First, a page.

The Academic Director of the AE-Bergen Knowledge Hub, Eystein Jansen, had the task of distilling 3000 pages of the latest IPCC Climate reports into a 15-minute talk.
Jansen spoke of the key findings in the latest 3 IPCC climate reports during the 2022 Rosendal Week, a regional conference in Western Norway focusing on climate change, energy transitions, green initiatives, and sustainability.
IPCC 6th Assessment report consists of 3 available reports, focusing respectively on «The Physical Science Basis», «Impacts, Adaptations and Vulnerability» and «Mitigation of Climate Change». Even more condensed than in Jansen´s 15-minute talk, the findings can be broken down to 5 bullet-points:
- Every decade the last 60 years have been warmer than the previous decade.
- With a global temperature increase of 1,25 degrees, the goal of the Paris accord of limiting global warming to 1,5 degrees will be surpassed within 10-15 years.
- The increase in extreme heatwaves, forest fires and flooding affect all continents.
- Extreme rainfalls are increasing both in frequency and in intensity.
- Sea levels have risen 4,6 mm yearly since 2010.
Towards the end of his presentation, Academic Director Eystein Jansen looked at Norwegian emissions of CO2 and other climate gases, implying that there is a need for lowering national emissions by 3,5 million tons yearly in the years leading up to 2030 in order to reach the national reduction targets.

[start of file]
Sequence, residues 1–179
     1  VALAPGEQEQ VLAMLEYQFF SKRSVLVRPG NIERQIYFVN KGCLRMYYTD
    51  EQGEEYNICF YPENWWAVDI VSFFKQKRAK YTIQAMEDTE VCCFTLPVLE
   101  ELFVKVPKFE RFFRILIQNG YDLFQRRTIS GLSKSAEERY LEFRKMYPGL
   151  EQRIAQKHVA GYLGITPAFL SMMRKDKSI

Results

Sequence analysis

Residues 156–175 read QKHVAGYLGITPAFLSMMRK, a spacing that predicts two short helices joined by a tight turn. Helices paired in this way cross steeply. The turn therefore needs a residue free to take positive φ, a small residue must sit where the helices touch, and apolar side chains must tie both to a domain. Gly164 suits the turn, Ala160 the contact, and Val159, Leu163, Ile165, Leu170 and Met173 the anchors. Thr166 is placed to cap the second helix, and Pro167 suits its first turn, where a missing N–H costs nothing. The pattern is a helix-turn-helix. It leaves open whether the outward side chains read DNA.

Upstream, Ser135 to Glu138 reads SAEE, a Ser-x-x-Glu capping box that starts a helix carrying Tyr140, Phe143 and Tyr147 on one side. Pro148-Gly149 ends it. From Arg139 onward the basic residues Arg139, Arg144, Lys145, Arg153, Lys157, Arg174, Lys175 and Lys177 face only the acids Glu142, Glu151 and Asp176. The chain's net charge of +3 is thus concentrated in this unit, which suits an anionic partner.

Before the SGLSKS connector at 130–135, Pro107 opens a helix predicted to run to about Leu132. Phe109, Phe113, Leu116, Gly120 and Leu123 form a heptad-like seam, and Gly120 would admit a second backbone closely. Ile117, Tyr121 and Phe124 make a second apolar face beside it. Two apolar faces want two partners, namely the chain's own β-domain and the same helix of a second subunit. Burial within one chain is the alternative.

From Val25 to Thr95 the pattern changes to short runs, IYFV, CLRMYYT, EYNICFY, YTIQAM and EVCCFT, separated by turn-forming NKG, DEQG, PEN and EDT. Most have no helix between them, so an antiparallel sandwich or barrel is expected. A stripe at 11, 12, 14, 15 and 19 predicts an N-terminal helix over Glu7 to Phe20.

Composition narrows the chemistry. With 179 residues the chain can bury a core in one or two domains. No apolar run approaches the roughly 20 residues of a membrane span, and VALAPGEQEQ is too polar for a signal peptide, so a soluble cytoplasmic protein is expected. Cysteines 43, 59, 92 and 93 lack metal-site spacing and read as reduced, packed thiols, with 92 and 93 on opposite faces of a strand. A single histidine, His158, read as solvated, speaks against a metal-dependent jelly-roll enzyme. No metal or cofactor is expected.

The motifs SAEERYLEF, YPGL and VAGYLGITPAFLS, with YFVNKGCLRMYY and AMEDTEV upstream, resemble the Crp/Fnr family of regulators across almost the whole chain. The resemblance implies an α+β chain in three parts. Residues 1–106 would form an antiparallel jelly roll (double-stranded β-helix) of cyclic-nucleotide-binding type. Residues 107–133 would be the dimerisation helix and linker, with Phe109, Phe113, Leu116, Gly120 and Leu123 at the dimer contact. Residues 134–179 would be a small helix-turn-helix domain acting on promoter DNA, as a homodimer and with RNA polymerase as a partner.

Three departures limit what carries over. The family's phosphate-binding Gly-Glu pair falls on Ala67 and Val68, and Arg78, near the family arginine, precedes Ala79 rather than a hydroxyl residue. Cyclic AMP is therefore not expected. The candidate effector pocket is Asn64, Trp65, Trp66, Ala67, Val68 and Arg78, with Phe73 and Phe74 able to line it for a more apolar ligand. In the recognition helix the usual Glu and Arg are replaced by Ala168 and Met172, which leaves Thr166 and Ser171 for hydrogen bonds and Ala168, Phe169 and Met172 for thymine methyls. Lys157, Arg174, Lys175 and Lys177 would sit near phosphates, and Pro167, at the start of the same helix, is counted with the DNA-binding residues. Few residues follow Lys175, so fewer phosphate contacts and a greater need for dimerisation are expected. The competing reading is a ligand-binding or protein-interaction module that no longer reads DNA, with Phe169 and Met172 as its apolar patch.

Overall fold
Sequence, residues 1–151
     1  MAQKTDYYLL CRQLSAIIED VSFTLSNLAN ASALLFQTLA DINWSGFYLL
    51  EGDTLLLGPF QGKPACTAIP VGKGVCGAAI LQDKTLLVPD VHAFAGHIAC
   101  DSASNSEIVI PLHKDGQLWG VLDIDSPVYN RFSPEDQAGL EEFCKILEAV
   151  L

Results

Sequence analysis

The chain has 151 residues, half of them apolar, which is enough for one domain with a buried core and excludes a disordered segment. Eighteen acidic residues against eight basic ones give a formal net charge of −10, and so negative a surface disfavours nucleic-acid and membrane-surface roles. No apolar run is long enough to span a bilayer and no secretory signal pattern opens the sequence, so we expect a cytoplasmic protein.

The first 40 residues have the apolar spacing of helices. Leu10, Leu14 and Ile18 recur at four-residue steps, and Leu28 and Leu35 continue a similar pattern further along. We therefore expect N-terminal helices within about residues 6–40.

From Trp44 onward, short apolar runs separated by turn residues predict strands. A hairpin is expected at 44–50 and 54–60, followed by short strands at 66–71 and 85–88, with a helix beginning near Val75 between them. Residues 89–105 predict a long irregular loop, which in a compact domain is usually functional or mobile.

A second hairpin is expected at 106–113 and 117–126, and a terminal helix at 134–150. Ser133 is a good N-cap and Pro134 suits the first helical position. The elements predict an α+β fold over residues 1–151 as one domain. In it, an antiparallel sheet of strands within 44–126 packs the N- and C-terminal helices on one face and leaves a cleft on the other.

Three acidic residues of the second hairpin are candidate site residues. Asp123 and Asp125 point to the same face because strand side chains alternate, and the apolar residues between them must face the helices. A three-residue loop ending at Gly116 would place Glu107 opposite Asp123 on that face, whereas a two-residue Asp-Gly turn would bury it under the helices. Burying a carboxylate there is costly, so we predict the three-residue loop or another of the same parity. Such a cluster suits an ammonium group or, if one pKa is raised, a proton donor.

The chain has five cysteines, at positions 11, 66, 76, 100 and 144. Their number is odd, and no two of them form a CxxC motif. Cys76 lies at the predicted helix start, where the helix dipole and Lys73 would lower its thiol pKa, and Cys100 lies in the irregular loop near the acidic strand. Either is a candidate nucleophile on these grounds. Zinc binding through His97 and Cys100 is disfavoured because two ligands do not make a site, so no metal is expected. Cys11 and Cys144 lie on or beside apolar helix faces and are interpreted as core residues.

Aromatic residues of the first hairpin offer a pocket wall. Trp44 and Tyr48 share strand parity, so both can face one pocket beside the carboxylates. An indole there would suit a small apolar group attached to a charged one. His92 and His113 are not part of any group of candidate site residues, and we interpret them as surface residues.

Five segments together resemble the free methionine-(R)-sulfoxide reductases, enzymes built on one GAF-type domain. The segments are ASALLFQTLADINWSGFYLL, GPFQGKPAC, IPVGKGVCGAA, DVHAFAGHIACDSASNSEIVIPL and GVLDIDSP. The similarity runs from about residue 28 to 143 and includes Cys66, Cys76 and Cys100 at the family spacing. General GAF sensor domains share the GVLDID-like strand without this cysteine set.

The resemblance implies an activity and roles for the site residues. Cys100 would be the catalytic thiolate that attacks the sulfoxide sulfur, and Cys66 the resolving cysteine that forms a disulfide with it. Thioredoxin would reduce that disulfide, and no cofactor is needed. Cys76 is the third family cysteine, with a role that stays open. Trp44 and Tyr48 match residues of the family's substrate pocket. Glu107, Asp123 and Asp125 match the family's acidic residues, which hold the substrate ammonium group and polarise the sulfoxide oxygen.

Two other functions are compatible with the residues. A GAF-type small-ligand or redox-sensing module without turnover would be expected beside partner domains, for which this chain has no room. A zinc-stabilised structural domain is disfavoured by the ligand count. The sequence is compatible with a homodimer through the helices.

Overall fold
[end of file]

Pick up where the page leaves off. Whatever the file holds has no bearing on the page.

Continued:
Following the presentation from Eystein Jansen, was a discussion between him and the Norwegian minister of climate and environment, Espen Barth Eide, moderated by Bergens Tidende Editor-in-Chief Frøy Gudbrandsen. The minister agreed with Jansen that stronger measures must be implemented to reach climate goals.
– We see encouraging progress in the EU countries. For a country like Norway, demanding climate action from trading partners can be an effective measure, the minister said.
The location of the conference in the idyllic village of Rosendal by the Hardangerfjord in Western Norway, underlined the urgency in taking care of the natural beauty of the planet.
– While we are at risk of reaching some negative tipping points, we also see the possibility of some positive tipping points, arising from increased awareness in the public, something that also should be addressed by the social sciences, Eystein Jansen said, ending the talk and the discussion on a positive note.